4 out of 5 Robots!
Series: Bumped, #1
Author: Megan McCafferty
Genre: YA Dystopian
Release: April 26, 2011
Hardcover: 336 pages
Publisher: Balzer + Bray
My Copy: Publisher
Summary from Goodreads:
When a virus makes everyone over the age of eighteen infertile, would-be parents pay teen girls to conceive and give birth to their children, making teens the most prized members of society. Girls sport fake baby bumps and the school cafeteria stocks folic-acid-infused food.
Sixteen-year-old identical twins Melody and Harmony were separated at birth and have never met until the day Harmony shows up on Melody’s doorstep. Up to now, the twins have followed completely opposite paths. Melody has scored an enviable conception contract with a couple called the Jaydens. While they are searching for the perfect partner for Melody to bump with, she is fighting her attraction to her best friend, Zen, who is way too short for the job.
Harmony has spent her whole life in Goodside, a religious community, preparing to be a wife and mother. She believes her calling is to convince Melody that pregging for profit is a sin. But Harmony has secrets of her own that she is running from.
When Melody is finally matched with the world-famous, genetically flawless Jondoe, both girls’ lives are changed forever. A case of mistaken identity takes them on a journey neither could have ever imagined, one that makes Melody and Harmony realize they have so much more than just DNA in common.
I enjoyed this book quite a bit. The pace is quick and an easy read. I blew through it in about three days in the middle of finals and baby. There were some issues with the book, but overall I think it was an enjoyable read. First of all, the premise is really interesting - what would happen if only teenagers could become pregnant? In McCafferty's future (2035) this means every teenager desires and tries to become pregnant. In Goodside, which is a secluded religious community, this means getting married and having children as soon as possible. In the "Otherside" (everywhere outside of Goodside is referred as), this means just trying to get pregnant. If a girl is an amateur, she will get pregnant first and then find an adoptive parent who will pay for the baby. If she goes pro though, she will hold out for the highest bidder and create a contract that could include college tuition, cars, and cash if the girl can deliver on her baby. Harmony, having been raised in Goodside all her life, believes that this kind of "pregging" is a sin. Melody, on the other hand, has been groomed by her opportunistic parents to have the best "profile" possible to score a big contract. Because there is such a short time frame for having a baby, being pregnant is at the fore front of every teenager's mind. They want to be pregnant, their lexicon is riddled with pregnancy metaphors, there are pop songs about pregnancy. They basically eat, sleep, and dream pregnancy. Because it is every teenager's desire to be pregnant, sex is also very much in the open. (Though there aren't any graphic scenes, there is a lot of [blunt] talk ABOUT sex. Be warned if you are a little sensitive to that).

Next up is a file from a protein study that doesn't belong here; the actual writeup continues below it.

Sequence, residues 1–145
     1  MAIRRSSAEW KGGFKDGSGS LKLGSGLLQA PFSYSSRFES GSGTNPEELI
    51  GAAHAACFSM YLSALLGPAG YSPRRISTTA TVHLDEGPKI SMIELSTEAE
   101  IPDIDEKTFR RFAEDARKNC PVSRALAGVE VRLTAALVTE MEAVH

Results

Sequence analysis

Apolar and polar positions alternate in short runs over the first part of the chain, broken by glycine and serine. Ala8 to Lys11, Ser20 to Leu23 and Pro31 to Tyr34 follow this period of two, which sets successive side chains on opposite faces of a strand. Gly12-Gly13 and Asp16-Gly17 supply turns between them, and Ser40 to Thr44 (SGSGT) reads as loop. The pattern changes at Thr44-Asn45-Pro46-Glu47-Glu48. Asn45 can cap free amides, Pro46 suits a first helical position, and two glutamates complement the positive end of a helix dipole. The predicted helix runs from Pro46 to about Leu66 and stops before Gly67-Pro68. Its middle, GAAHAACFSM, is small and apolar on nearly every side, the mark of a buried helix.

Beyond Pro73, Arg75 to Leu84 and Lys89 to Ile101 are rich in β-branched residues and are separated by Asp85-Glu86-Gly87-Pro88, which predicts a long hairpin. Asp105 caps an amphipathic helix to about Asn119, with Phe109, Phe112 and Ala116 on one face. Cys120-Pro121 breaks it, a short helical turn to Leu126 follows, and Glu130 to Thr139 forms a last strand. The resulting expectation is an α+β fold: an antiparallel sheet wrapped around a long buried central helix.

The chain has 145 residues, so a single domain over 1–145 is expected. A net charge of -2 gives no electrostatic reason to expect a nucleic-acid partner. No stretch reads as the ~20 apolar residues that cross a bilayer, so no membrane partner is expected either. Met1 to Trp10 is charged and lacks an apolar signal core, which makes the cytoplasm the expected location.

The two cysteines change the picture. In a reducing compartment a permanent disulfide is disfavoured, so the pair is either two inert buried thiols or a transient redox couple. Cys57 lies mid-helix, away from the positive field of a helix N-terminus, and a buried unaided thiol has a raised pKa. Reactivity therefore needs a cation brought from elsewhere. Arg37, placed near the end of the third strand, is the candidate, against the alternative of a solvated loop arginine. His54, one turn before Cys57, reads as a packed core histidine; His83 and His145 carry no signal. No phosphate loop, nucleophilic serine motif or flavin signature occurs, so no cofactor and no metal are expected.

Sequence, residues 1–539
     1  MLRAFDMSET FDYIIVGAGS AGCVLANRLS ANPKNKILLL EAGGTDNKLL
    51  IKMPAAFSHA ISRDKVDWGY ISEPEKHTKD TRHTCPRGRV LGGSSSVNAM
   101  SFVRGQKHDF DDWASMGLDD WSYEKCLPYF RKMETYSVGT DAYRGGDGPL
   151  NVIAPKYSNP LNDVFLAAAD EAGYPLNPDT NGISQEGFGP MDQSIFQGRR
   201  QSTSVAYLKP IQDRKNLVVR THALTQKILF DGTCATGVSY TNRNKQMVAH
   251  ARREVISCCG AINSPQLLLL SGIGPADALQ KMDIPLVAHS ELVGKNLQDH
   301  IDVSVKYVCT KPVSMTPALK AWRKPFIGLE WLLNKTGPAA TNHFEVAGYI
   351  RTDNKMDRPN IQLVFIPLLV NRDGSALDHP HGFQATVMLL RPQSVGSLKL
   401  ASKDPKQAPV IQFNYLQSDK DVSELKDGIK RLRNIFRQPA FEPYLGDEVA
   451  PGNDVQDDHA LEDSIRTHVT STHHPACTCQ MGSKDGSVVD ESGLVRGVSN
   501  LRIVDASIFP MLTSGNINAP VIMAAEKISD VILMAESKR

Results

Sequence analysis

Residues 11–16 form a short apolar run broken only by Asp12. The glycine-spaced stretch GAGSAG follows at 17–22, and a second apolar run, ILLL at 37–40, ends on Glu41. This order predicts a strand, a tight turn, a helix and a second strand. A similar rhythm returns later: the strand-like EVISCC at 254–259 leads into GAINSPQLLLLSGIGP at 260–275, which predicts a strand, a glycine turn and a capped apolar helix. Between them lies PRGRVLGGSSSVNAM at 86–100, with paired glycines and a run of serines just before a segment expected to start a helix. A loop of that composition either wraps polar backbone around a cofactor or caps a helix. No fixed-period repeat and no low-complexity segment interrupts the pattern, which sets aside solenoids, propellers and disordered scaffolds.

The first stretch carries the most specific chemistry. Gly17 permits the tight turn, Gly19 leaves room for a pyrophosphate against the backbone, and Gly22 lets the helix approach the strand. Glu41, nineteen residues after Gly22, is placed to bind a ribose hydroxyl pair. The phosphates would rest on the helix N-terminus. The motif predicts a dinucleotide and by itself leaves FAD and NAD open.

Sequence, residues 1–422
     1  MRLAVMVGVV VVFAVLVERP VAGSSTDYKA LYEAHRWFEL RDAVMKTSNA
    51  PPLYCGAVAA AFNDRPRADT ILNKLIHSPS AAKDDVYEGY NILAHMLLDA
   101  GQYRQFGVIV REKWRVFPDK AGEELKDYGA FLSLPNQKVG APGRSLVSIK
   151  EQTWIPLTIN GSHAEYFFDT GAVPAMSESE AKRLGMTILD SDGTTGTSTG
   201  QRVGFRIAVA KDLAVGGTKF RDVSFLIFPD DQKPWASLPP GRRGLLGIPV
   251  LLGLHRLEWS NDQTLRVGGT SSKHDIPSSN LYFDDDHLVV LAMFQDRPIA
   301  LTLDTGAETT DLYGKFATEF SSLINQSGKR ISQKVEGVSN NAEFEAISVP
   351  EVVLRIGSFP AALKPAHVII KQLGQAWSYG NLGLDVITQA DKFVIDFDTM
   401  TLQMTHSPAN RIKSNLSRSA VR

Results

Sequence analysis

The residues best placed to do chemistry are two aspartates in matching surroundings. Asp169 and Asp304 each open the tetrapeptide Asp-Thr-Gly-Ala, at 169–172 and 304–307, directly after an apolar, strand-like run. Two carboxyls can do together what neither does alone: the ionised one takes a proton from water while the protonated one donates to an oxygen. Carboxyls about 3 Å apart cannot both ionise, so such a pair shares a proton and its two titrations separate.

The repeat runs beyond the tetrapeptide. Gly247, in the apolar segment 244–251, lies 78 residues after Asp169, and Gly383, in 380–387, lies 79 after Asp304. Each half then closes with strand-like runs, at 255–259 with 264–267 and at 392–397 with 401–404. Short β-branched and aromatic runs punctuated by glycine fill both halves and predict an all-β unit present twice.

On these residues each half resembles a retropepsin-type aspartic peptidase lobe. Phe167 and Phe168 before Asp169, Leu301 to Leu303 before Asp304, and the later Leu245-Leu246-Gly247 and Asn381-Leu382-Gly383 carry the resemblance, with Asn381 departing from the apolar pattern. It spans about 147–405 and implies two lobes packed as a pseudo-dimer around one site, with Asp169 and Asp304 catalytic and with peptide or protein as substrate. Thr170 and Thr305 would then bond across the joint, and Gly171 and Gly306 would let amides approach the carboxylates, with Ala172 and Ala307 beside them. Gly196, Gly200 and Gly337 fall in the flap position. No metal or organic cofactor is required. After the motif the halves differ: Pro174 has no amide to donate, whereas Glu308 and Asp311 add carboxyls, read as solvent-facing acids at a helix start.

McCafferty does create a pretty cynical view of this situation. For example, Otherside teenagers do not keep their babies. In fact, it is pretty forbidden. Babies are only to be given to adoptive parents. Goodside teenagers do keep their babies but live in a fairly oppressive society. I think the author does a good job of showing how voyeuristic the whole process can become and that makes for an interesting read. I think the only thing that suffered was the character development. The book is driven by the plot more than the characters. Sometimes you don't quite understand why the characters do what they do or make the decisions they do. Also, you are thrown right in the middle of it. It is a bit jarring and takes a couple pages to start to understand the lingo and what is happening. But you will catch on pretty quick.
Overall, I liked the book and kept wanting to find out what was going to happen next!